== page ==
The Courier News from Blytheville, Arkansas on January 7, 1955 · Page 9
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The Courier News from Blytheville, Arkansas · Page 9

Blytheville, Arkansas
Issue Date:
Friday, January 7, 1955
Page 9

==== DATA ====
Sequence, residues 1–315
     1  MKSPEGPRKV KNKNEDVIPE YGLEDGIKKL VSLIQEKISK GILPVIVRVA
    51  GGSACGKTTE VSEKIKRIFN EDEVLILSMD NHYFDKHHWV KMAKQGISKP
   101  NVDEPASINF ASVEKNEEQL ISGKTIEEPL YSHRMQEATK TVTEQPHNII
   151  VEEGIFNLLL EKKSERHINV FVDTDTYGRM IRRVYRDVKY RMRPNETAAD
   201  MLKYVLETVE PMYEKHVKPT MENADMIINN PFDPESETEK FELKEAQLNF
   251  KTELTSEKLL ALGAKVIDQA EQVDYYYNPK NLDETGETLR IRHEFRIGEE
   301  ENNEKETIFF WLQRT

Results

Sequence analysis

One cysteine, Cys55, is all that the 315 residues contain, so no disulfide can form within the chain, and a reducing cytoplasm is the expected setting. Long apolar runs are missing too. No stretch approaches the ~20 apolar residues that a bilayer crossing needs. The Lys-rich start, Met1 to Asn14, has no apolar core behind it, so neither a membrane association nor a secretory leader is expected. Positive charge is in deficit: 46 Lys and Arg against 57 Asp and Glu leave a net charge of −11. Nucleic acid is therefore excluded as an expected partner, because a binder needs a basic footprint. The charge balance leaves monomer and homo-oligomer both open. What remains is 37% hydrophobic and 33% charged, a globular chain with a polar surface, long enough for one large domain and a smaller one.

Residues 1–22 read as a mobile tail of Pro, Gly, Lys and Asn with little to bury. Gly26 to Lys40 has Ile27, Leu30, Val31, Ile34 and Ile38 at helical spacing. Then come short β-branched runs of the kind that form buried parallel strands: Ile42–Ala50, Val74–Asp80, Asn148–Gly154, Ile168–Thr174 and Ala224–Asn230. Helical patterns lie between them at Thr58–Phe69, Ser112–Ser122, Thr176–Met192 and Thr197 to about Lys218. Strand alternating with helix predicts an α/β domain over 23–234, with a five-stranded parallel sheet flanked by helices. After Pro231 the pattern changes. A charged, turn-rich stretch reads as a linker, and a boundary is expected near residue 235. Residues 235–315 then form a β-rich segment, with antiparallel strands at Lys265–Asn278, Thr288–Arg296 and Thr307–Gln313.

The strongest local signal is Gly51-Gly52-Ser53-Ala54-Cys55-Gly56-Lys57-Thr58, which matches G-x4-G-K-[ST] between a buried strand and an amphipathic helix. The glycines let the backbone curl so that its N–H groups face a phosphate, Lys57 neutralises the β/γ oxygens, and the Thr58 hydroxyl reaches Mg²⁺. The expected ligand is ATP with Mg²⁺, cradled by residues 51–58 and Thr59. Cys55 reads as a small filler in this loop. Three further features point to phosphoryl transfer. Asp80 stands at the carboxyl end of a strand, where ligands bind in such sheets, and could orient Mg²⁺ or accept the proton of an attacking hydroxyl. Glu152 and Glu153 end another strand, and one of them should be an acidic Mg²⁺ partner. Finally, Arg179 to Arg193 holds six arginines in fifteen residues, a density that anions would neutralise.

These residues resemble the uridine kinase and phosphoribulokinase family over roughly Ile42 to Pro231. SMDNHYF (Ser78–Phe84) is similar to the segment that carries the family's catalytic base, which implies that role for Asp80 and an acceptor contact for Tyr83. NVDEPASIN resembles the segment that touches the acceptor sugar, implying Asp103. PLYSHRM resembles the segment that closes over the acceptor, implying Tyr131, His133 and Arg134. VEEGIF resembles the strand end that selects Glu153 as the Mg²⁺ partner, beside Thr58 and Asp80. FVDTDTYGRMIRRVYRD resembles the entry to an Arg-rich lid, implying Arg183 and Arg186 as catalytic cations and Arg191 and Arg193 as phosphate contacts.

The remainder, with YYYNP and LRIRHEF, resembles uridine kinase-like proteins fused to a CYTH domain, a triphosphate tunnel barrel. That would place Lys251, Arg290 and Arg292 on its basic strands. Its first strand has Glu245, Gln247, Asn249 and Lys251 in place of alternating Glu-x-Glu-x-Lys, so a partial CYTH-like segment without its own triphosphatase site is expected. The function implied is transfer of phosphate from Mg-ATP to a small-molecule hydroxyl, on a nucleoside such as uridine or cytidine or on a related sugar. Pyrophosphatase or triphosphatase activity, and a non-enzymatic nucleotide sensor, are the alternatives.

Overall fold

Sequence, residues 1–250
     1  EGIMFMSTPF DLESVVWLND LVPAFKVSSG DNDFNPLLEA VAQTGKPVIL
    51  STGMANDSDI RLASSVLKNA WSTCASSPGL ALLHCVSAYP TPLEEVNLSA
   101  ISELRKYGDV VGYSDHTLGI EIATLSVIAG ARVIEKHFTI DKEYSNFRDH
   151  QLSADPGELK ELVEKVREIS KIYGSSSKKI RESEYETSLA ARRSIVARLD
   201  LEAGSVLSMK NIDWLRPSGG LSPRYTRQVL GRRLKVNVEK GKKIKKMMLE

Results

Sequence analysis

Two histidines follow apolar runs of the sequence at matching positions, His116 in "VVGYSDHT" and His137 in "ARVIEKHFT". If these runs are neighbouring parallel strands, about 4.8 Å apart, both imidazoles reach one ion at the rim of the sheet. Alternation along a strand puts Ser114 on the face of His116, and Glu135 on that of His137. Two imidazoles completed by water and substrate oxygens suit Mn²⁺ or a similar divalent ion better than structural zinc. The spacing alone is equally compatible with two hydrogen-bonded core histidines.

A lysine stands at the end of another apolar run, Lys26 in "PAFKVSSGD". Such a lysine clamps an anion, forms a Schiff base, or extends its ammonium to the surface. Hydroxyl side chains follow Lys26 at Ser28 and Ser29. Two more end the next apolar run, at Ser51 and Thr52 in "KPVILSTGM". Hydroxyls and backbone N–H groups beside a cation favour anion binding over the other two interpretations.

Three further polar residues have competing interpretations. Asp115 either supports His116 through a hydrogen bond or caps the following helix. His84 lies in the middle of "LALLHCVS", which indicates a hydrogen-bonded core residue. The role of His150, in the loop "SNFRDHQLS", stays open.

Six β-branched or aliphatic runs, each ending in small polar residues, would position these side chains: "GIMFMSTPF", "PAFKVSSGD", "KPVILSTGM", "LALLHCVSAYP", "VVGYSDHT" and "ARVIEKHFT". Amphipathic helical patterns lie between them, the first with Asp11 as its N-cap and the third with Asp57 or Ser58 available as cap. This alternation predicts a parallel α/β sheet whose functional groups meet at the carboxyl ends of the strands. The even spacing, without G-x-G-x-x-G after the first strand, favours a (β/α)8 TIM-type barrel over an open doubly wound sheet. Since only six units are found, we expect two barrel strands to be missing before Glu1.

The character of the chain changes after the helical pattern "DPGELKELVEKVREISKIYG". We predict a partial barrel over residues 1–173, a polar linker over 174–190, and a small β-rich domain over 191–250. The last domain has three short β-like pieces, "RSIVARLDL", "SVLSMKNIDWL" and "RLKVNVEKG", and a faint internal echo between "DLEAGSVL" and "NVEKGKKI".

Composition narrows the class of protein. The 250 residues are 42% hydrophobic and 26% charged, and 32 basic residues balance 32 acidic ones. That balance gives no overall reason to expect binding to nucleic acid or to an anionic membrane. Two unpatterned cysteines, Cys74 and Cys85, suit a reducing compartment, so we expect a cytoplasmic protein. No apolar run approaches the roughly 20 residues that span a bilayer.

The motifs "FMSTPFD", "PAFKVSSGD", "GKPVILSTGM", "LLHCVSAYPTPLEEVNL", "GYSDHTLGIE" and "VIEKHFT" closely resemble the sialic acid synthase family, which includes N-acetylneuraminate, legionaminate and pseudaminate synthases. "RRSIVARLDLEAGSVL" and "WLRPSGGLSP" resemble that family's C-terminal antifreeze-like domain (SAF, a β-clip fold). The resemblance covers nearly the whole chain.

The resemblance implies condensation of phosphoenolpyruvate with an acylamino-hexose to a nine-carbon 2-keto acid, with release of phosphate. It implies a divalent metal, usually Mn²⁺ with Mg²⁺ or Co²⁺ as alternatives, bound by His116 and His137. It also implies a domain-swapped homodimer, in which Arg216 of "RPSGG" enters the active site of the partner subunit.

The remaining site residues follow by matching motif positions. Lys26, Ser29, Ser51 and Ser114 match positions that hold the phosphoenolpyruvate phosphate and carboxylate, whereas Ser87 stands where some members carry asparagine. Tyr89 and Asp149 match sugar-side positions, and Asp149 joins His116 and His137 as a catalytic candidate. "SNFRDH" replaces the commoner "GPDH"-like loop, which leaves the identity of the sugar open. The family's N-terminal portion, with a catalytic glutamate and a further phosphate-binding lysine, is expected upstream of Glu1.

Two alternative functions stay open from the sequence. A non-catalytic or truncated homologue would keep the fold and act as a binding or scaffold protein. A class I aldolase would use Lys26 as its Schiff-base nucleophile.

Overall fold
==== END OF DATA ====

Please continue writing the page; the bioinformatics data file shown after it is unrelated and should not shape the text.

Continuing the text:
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FRIDAY, JANUARY T, 1955 BLYTHEVILLE (ARK.)' COURIER NEWg PAGE NINE REVIEW -FORECAST Ivan Wood, Clarksdale Speaker, Is Made Available for Arkansas : Ivan Wood, chief irrigation specialist for the U. S. Department of Agriculture': Extension Service and located in Denver, will be available for a Mississippi County irrigation meeting this winter. , Announcement of his availability for a series of meetings in Arkansas was made today by J. M. Thompson, district agent of the Extension 'service's Little Rock office County Agent .Keith Bilbrey made .the request of Mr. Thomason after several Mississippi Countians heard Mr. Wood speak on Irrigation at a fleeting in Clarksdale. Miss. 1,000 at Meeting The Clarksdale session, which covered most phases of irrigation, was attended by aproximately 1,000 farmers from over Mississippi, Tennessee and Arkansas. , Mr. Thomason further advised that he has given Blytheviile and Mississippi County top priority on the services of Mr. Wood when the latter becomes available for Arkansas. Just when he'll be here. Mr. Thomason nointed out, will not be known until later. It will mark Mr. Wood's first appearance in this area. NEW FORD — Ford's new 1955 tractors go on display at Snow Tractor Co., here today. Above is the new 800 series designed for heavy work in all types of soil. This 880 model Is equipped with live power takeoff. Power has been increased by 30 per cent and it has a five-speed transmission. Another series, the 600, also is offered by Ford. It's the first time in half a century the company has offered more than one size tractor. Correct Gasoline Storage Can Cut Farm Costs As Missouri farms become more and more mechanized, the amount of money spent by farmers for engine fuel increases and it is important that it be handled cojrect- ly. D. B. Brooker, agricultural engineer at the University of Missouri, says iti s ^estimated. that costs amount to as much as 5 to 7 percent of the total operating expenses of Missouri farmers. This represents a cash outlay by farmers^of the state of something like $40^million and Is about the same amount of money as farmers in the state are spending for fertilizer, i pil companies are supplying the farmer with gasoline of good quality. It has an octane rating that is suitable for present day tractors, it has a vapor pressure high enough to assure quick starting and warm-up and it has additives to lessen the formation of gum. The question is, Brooker says, just what Is the effect of various types of farm storage on these desirable properties of gasoline. Also, how much gasoline — and dollars — are farmers losing by evap- oration of the gasoline while it is in storage. To determine the answer to these questions, the University of Missouri in cooperation with the Missouri Farmers Association Oil Company and the Ethyl Corporation have begun a series of tests. The first test, which was made this past summer, is just being completed. In this test, three types of storage were used. These were 55-gallon drums described as follows. One — one drum was un- shaded and used a filler cap that vented the tank to the atmosphere. Two — the second drum was equipped with a vented filler cap and was shaded with a metal shade. Three — the third drum was shaded, with a metal shade and was equipped with a pressure regulating cap to allow the tank to become pressurized to some extent before gasoline vapors could escape. This preliminary test shows that gasoline in shaded Unxs did not heat as fast during the day or reach as high a temperature as the unshaded fuel tank. On a typ- j MORE THAN HE BARGAINED FOR-Tom Elliott, 10, Batavia, III has a rough time trying to calm his hog for judges at the Market Hog Show in Chicago, 111. Children from Indiana and Illinois showed some 8-10 hogs they fed and fitted as 4-H and t AA vocational projects. Tom was the youngest exhibitor. ical summer day, the unshaded* tank reached a temperature 'of 98' degrees and was above 95 degrees for 5"/ 2 hours. On this same day, shaded tanks were about 7 to 9 degrees cooler during the hot part of ;he day. This preliminary test shows the effect of this difference in temperature is about as follows, Brooker notes. One — a farmer storing gasoline in 55-gallon unshaded drums can expect to lose about 18 ] / 2 gallons of gasoline a summer out of each drum. In addition, he might have some trouble starting his tractor due to a loss of vapor pressure. �� a farmer who uses this same type of storage but provides a good shade for the tank can expect to lose about 8*A gallons out of each drum. Three — if shade and a pressure ap are both used, losses may be reduced to as little as 4 gallons from each drum during the summer. The octane rating of the gasoline ! did not change in any of the drums during the tests nor was gum content changed enough to be meas- 1 ured. I It is true that farmers who are> storing in larger containers — 300 j gallon or larger — will not lose as high a percentage of their gasoline but their losses are probably enough to make it worth while to provide shade. Pressure caps will also probably pay for themselves. .Similar tests run in Indiana show that a farmer who used 200 galons of gasoline a month from a 300- gallon tank can save about 46 gallons of gasoline in a summer by use of a pressure cap, Brooker says. A pressure cap that maintains a pressure of about three pounds a square inch should be used. Higher j pressures might cause failure, i particularly if the tank is weakened by rust. NOTICE IN THE PROBATE COURT FOR THE CH1CKASAWBA DISTRICT OF MISSISSIPPI COUNTY, ARKANSAS . IN THE MATTER OF TH£ ESTATE OF No. 2,285 G. G. Caudill, deceased. Last known address of decedent: 1100 W. Walnut Street, Blytheviile, Ark. Date of Death: December 23. 1954 An instrument dated November 3, 1950, was on the 30th day of December, 1954, admitted to probate as the last will of the above named decedent, and the undersigned have been appointed executors thereunder. A contest of the probate of the will can be effected only by filing a petition within the time provided by law. All presons having claims against the estate must exhibit them, duly verified, to the undersigned within six months from the date of the first publication of this notice, or they shall be forever barred and precluded from any benefit in the estate. This notice first uublished 31st day of December, 1954. JOHN W. CAUDILL, G. G. CAUDILL, JR.. Executors 211 N. Broadway (P. O. Box 988) Blytheviile, Arkansas 12/31-1/7 Drouth Hurt Corn Yields Lack of Silk Production, Poor Timing Hit Crop According to Marcus Zuber, agronomist for the United States Department of Agriculture cooperating with the College of Agriculture at the University of Missouri, two of the most important reasons for low corn yields in a drouth year such as 1954 are the lack of silk production and poor timing between tasseling and silking. The lack of viable pollen caused by "burning" and "blasting" of tassels is probably not as important as has been thought In the past. In work done at the Missouri Ex- perlment Station this year, it was found that corn plants produced viable pollen and had receptive silks following days with maximum temperatures of 113 degrees when sufficient soil moisture was available. The importance of adequate soil moisture is pointed out from results of experimental irrigation work done this year, Zuber says Irrigated plots compared with non- irrigated plots tasseled earlier silked earlier, had fewer sterile tassels, had a better timing be tween tasseling and silking and had fewer plants without silks In the experimental irrigation work, two planting rates were usec — 7100 and 14,200 stalks to the acre. During the course of the experimental work, it was found thai when the water application was reduced, the smaller planting rate versus the larger gave better .tim ing between tasseling and silking had fewer sterile tassels and had fewer plants without silks. Also, two levels of nitrogen ap plication were used in the irriga tion tests. The highest nitrogen level — 240 pounds an acre — did not materially influence tasseling and silking dates, tassel sterility or silkless shoots when compared to the lowest nitrogen application of 120 pounds an acre, Zuber says. Silking and tasseling data were obtained from an irrigation experiment conducted at the McCredie Field in Callaway County in 1954 and were previously reported by Darnell Whltt, a researchist for the JSDA and the Colleeg of Agrlcul- ure. Temperatures as high as those experienced during the summer of 954 indirectly affect corn plants by Increasing the rate of evaporation and transpiration, Zuber notes. When transpiration rates exceeded moisture uptake by roots, top- firing resulted. In most Instances, corn first began top-firing in a section of a field where available soil moisture was lowest. Many fields whfcb were badly fired had spoti with higher soil moisture where con did not fire and some grain wu produced pointing out that burnlnf and blasting was not as important as other factors during the 1064 growing season. AN EQUIPMENT CHECK-UP NOW . . . will save you time and money later • It's just good farm management on your part to keep your equipment in "Top-Notch" condition. Your business of farming Is more secure ... you get in the field when you want to ... you do better work on every job. And you do it more economically. It's easier, more pleasant to work with tools that are operating efficiently. Right now—befora next season's rush—is the time to bring in your equipment for a Specialized Check-up. Our mechanics know your Masasy- Harris machines from beginning to end. All repair parts we use are factory inspected and specified to assure you of a good, all-around tune-up. See ui soon ... be the first on our service schedule. CONVENIENT TERMS ON REPAIR WORK 61 IMPLEMENT CO. "The Farmer's Home of Satisfaction 1 ' N. HIGHWAY 61 PH. 2-2142 2 3 11 12 1 IN THE CHANCERY COURT OF MISSISSIPPI COUNTY, ARKANSAS ! Unknown (Blytheviile District) j Viola King STATE OF ARKANSAS Plaintiff ! Unknown vs. No. 1Z875 (1946, 1917 & 1948 Forfeitures) , Unknown DELINQUENT LANDS IN MISSISSIPPI COUNTY FORFEITED FOR I Unknown NON-PAYMENT OF TAXES AND SOLD TO THE STATE OF AR- I K*«AS Defendants: Emma Lee Robbms ^ ^ ^.^ Robert Sims 7 TOWN OF MANILA Original Survey Lude Ashabranner 1 Larry 5th. Addition NOTICE Notice is hereby given that pursuant to Act 119, Ark. Acts of 1935, • and amendments thereto, there has been filed in the office of the Clerk of Mississippi County Chancery Court the Complaint of the State A naturalized citizen cannot become President of the United of Arkansas to quiet and confirm in said State and/or redeemers, purchasers, donees and assigns, the title to. certain lands mentioned in said Complaint and lying in the county of Mississippi, State of Arkansas. Lude Ashabranner .: ................. 5-6 _ . . . , . ................. chasers, donees and assigns, the title to . certain lands mentioned in | Qble Ashabranner .................... 2 Ashabranner .................... 7 Williford-Garrison Addition MORE? 100 Tablets 49C WARNING! Den'? !st sough from common cold hang on Chronic bronchitis may develop if your cough, chest coid, or aculc bronchitis is not treated and you cannot afford to take a chance with any medicine less potent than Crcomulsion. It goes into the bronchial system to help loosen and expel germ laden phlegm and aid nature lo soothe and heal raw, tender, inflamed bronchialmembranes. Get a large bottle of Creomulsion at your drug store. Use it all as directed. Creomulsion is guaranteed to please you or drucgist refunds money. CREOMUETSgON relieves Cough!, Chest Colds, Acute Bronchitis At The End of Your Rope? When Aches & Pains and winter Colds make you feel at the end of your rope . . . Try Bob's Gypsy Rub Liniment FARMERS ONE STOP MARKET WE BUY or STORE: WE SELL: • SOYBEANS • BARLEY • WHEAT • OATS • CORN • RYE • COMBINE MILO • MASTER MIXED • FIELD SEEDS FEEDS of All Kinds • SOYBEAN SEED • COTTON SEED • FUNK'S "G" HYBRID CORN • V.C. FERTILIZER • MATHIESON'S INSECTICIDE FARMERS SOYBEAN CORP. "Home Of Sudden Service" N. BROADWAY & HUTSON STS. PHONE 3-8191 i All persons who can set up any right to the lands so forfeited and sold are hereby warned to appear in the Mississippi County Chancery Court at the May, 1955 Term, after the publication of this notice, to-wit, on the 23rd day of May, 1955, and show cause, if any there be, why the title to said forfeited lands should not be confirmed, quieted and vested in the State of Arkansas and/or redeemers, purchasers, donees and as, signs in fee simple forever. The description of said lands and the names of the persons, firm or corporation last paying taxes thereon are as follows: LIST OF STATE LANDS IN MISSISSIPPI COUNTY FORFEITED FOR 1946 TAXES BLYTHEVILLE DISTRICT Person, Firm or Corp. Part of Tax. Penalty Last Paying Taxes Thereon Section Section Area and Cost Township 14 North - Range 8 East Unknown E'= SW'i SW'l 34 20.00 Township 15 North - Range 11 East Caliie Hawthorne S. 153' E. 506' Ex. N. 50' E. 150' Lot 25 SEU 17 Lot Joe Caradine Lot 3 N!i NE',4 21 Lot Person Firm or Corp. Tax. Penalty Last Paying Taxes Lot Block and Cost CITY OF BLYTHEVILLE Allison Addition Cecil & Anna Cora Home 3 1 S10.58 Caruthers Williams 7 t 8.07 Lucy Bobbitt 9 7 20.61 Brawley Addition Jane McGarrity 23 1 1.54 Unknown 14 2 1.54 Unknown 26 2 1.54 Unknown 13 3 1.54 Ed B. Cook Addition Joe & Beulah Rayford 13. A ] Joe & Beulah Rayford 14 A Jos & Beulah Rayford 15 A Joe & Beulah Rayford • 16 A John & Ollie Brown 19 A Davis Third Addition C. C. Thompson 9 4 Hollipetcr-Shonyo Addition O. Shonyo 16 5 Irreg. Lot 9-15-11 Essie L. Reagan .. W. 138V Lot 16 SE', Larry First Addition Arthur Steele 25 Larry Fifth Addition James Buford 8 J. W. Owen Addition Earl & Alice Crenshaw 15 Edwin Robinson Addition Zilmon White 2 13 i Sunnyside Addition I Jas. & Alice Ford 1 8 I Wilson First Addition : Unknown 17 1 LIST OF STATE LANDS IN MISSISSIPPI COUNTY FORFEITED FOR 1947 TAXES BLVTHEVILLE DISTRICT Person, Firm or Corp. Part of Tax, Penalty , Last Paying Taxes Thereon Section Section Area and Cost I ' Township 15 North, Range 9 East [Unknown Lot 15 NW NW 31 5.00 | Township 14 North. Range 13 East Laura Palmer Lots 1 -2 NE 7 14.03 TOWN LOTS Person, Firm or Corp. Last Paying Taxes Thereon Lot Block TOWN OF BLYTHF.VILLE Orisinal Survey Unknown W 37' 25 Brawley Addition Msry Wells 8 1 F. R. Frlese N.37',4'. 16 3 E. M. Bryan Addition Leo Swift i ,....3-4 4 Haskell Graham w'i 5 & nil 4 ' 5 1. C. Crlner Sub. Unknown 3 Holllptter 2nd. Addition Unknown 27 1 Unknown *> 1 Nellie Mae McGraw..E 50' W 300' N 316' 1 1.78 1.78 1.78 1.78 1.78 .89 1.02 8.11 7.09 1.02 12.15 LIST OF STATE LANDS IN MISSISSIPPI COUNTY BLYTHEVILLE DISTRICT FORFEITED FOR 1918 TAXES | Floyd S. Austin $10.12 ' ' Leonard Taylor Leonard Taylor 3.49 2 51' Mary Lena Todd Person. Firm or Corp. Part of Last Paying Taxes Thereon Section Section Township 14 North. Range 12 East Monroe Lee N'= NW NW 12 i TOWN LOTS Person. Firm or Corp. Last Paying Taxes Thereon Lot Block TOWN OF BLYTHEVILLE Sam Barnes Subdivision IS Barren - Lilly Addition 15 C ,.16 C Brawley Addition 16 2 Hollandale Addition Jesse B. Smith 1-2 E Jesse B. Smith £':• 3 E Hollipeter Second Addition Unknown 29 3 Susan Moore 13 5 Hollipeter - Shonyo Addition M. C. McClish 10 5 Larry First Addition Nancy & Henry L. Jone.s 10 Larry Third Addition Truelove Duncan 22 Larry Fourth Addition Johnnie B. Johnson 7 Mzybclle Subniv'sion Marvin L. Merritt 7 5 Wilson First Addition 3 Tax, Penalty Area and Cost 1.54 1.54 1.54 1.54 i 1 54 ' Unknown i Unknown Unknown Unknown Unknown Unknown Unknown Unknown 1.54 j Unknown Unknown Unknown Unknown Unknown Unknown Unknown Unknown 10.58 ! Unknown j Unknown 1.54 Unknown Unknown Unknown Unknown 30.65 ' 1.81 10.58 1.54 1.81 . 15.60 , S 3.55 Tax, Penalty and Cost 10 11 12 13 14 15 1<! 1 7 H 9 1 "fi 11 Unknown Unknown Unknown Unknown 3.55 : Unknown i Unknown Unknown Unknown Unknown Unknown Wilson Third A- 1 "lion D 5 $7.12 4.56 1.14 2.28 6.84 l.M 1.78 19 1 2 3 20 1 TOWN OF If Hayes Addition Unknown TOWN OF MANILA West End Addition Charles E. Crowe ..................... 3 J. W. Dunn $ 5.34 Tax, Penalty and Cost $ 1.65 10.03 12.03 10.92 1.35 2.15 2.15 2.76 1.35 .87 2.15 2.15 2.15 2.15 2.15 2.15 2.15 2.15 2.15 2.15 2.15 2.15 2.15 2.15 2.15 2.15 2.15 2.15 2.15 2.15 2.15 2.15 2.95 2.95 2.95 70S 2.95 2.95 295 2.95 2.f< 2.05 9.42 4.29 4.3» Witness my linnd and seal this the 23 day of December, 1954. (g ea l) OERALDINE LI8TON Chancery Oterk. TOM GENTRY. Attorney General. JOHN 8HAMBURGER, Assistant Attorney OtiuraL